I have always been captured by the comprehensive (and convicting) wisdom of those who wrote what is known as the Westminster Confession and Catechisms—statements of Christian belief and life, and questions to teach people God’s requirements.
Most all of us know the short phrasing of the Eighth Commandment: “You shall not steal.” But the authors of the catechism beautifully and hauntingly capture the fullness of all that those simple words demand of us:
141. What are the duties required in the eighth commandment?
The duties required in the eighth commandment are, truth, faithfulness, and justice in contracts and commerce between man and man; rendering to everyone his due; restitution of goods unlawfully detained from the right owners thereof; giving and lending freely, according to our abilities, and the necessities of others; moderation of our judgments, wills, and affections concerning worldly goods; a provident care and study to get, keep, use, and dispose these things which are necessary and convenient for the sustentation of our nature, and suitable to our condition; a lawful calling, and diligence in it; frugality; avoiding unnecessary lawsuits, and suretiship [taking responsibility on behalf of another], or other like engagements; and an endeavor, by all just and lawful means, to procure, preserve, and further the wealth and outward estate of others, as well as our own.
142. What are the sins forbidden in the eighth commandment?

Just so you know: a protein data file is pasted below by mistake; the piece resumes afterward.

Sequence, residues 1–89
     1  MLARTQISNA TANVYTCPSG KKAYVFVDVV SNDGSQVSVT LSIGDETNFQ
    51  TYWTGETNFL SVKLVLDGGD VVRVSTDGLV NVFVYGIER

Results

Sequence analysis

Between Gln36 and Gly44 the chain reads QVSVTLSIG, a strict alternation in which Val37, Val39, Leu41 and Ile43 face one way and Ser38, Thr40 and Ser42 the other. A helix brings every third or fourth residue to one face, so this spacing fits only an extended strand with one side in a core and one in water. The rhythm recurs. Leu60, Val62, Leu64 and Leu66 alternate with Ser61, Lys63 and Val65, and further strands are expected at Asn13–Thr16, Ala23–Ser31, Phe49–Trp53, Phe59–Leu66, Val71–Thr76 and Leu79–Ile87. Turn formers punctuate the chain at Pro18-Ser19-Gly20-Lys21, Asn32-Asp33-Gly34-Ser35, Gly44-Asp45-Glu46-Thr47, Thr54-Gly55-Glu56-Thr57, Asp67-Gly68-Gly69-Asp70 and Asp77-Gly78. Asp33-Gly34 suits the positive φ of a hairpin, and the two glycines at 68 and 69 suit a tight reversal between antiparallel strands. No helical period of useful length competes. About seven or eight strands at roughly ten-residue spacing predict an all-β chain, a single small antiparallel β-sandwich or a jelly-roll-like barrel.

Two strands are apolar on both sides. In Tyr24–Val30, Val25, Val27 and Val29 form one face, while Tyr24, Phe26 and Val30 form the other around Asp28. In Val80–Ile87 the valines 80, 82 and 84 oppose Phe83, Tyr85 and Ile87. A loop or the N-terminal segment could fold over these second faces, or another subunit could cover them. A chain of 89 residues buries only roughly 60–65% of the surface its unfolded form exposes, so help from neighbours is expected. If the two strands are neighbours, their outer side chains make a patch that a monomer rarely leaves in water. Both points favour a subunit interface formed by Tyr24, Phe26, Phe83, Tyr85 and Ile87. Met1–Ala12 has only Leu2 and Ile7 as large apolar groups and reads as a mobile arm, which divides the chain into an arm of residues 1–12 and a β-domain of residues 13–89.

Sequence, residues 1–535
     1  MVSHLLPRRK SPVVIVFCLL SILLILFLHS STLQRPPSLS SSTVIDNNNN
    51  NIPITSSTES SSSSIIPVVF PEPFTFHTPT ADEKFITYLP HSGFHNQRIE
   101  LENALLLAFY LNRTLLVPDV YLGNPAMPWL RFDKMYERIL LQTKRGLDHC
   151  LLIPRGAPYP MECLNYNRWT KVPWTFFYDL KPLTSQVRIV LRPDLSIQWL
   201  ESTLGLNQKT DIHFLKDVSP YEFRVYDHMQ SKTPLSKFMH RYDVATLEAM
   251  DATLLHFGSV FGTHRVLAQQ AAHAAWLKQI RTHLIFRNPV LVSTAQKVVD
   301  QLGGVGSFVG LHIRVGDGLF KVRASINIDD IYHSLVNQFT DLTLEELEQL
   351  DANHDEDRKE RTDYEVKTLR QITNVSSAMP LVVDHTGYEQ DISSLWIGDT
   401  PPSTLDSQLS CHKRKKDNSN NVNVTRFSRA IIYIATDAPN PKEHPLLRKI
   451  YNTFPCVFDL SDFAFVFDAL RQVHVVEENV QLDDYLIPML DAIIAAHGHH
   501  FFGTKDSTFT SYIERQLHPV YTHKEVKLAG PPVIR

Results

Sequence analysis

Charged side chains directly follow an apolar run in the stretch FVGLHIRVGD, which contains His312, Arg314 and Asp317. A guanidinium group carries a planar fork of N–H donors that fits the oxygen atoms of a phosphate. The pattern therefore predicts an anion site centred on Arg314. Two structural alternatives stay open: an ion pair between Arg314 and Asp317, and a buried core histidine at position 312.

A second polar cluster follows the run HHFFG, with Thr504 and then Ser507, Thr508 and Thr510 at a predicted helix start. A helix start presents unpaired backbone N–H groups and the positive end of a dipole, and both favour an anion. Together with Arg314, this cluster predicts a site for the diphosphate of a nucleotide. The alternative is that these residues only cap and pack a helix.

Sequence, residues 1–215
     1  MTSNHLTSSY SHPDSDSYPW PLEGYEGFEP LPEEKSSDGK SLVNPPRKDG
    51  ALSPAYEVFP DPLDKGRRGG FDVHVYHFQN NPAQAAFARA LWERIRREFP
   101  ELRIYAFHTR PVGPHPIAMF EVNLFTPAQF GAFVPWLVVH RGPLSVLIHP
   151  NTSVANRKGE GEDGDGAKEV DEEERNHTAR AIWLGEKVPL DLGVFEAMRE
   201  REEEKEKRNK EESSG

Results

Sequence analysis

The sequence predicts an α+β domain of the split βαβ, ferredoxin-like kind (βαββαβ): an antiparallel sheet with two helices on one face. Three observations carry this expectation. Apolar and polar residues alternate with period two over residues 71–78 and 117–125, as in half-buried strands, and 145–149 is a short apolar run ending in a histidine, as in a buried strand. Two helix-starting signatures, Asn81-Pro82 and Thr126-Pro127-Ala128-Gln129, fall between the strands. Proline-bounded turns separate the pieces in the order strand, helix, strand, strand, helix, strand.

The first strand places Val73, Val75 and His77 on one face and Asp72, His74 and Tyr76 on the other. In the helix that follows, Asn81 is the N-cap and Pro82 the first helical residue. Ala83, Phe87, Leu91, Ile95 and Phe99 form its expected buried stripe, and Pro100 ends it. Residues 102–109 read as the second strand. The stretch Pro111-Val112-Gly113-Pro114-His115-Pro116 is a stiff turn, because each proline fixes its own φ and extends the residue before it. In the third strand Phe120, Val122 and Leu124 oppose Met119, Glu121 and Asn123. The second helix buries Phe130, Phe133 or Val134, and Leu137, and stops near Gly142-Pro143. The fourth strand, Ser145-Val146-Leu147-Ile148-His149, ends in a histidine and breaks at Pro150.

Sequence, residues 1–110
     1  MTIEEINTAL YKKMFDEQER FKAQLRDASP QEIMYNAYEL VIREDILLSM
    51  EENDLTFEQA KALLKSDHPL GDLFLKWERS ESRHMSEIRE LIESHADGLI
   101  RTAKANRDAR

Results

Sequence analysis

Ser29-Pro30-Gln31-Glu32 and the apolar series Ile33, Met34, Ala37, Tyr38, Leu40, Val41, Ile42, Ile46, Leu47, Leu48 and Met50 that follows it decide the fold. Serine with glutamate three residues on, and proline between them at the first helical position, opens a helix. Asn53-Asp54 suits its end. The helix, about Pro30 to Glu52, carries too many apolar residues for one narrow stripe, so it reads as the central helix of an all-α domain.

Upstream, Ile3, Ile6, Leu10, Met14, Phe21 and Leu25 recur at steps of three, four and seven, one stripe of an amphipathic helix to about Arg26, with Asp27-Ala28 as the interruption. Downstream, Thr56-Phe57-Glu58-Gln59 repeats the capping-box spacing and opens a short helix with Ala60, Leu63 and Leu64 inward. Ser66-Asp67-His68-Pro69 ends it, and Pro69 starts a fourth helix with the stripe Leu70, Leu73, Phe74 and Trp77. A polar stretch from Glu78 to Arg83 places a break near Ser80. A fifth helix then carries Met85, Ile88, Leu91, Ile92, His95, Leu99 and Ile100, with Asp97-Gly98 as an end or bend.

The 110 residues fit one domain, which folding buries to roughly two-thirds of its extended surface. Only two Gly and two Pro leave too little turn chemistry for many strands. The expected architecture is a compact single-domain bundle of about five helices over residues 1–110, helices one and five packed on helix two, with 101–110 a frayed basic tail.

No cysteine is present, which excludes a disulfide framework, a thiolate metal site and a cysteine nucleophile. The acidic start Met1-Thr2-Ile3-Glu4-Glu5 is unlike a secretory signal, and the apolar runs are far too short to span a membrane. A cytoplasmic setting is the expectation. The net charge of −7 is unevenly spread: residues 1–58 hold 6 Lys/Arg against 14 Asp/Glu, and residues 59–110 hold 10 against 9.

The sins forbidden in the eighth commandment, besides the neglect of the duties required, are, theft, robbery, man-stealing, and receiving anything that is stolen; fraudulent dealing, false weights and measures, removing landmarks, injustice and unfaithfulness in contracts between man and man, or in matters of trust; oppression, extortion, usury, bribery, vexatious lawsuits, unjust enclosures and depredation; engrossing commodities to enhance the price; unlawful callings, and all other unjust or sinful ways of taking or withholding from our neighbor what belongs to him, or of enriching ourselves; covetousness; inordinate prizing and affecting worldly goods; distrustful and distracting cares and studies in getting, keeping, and using them; envying at the prosperity of others; as likewise idleness, prodigality, wasteful gaming; and all other ways whereby we do unduly prejudice our own outward estate, and defrauding ourselves of the due use and comfort of that estate which God hath given us.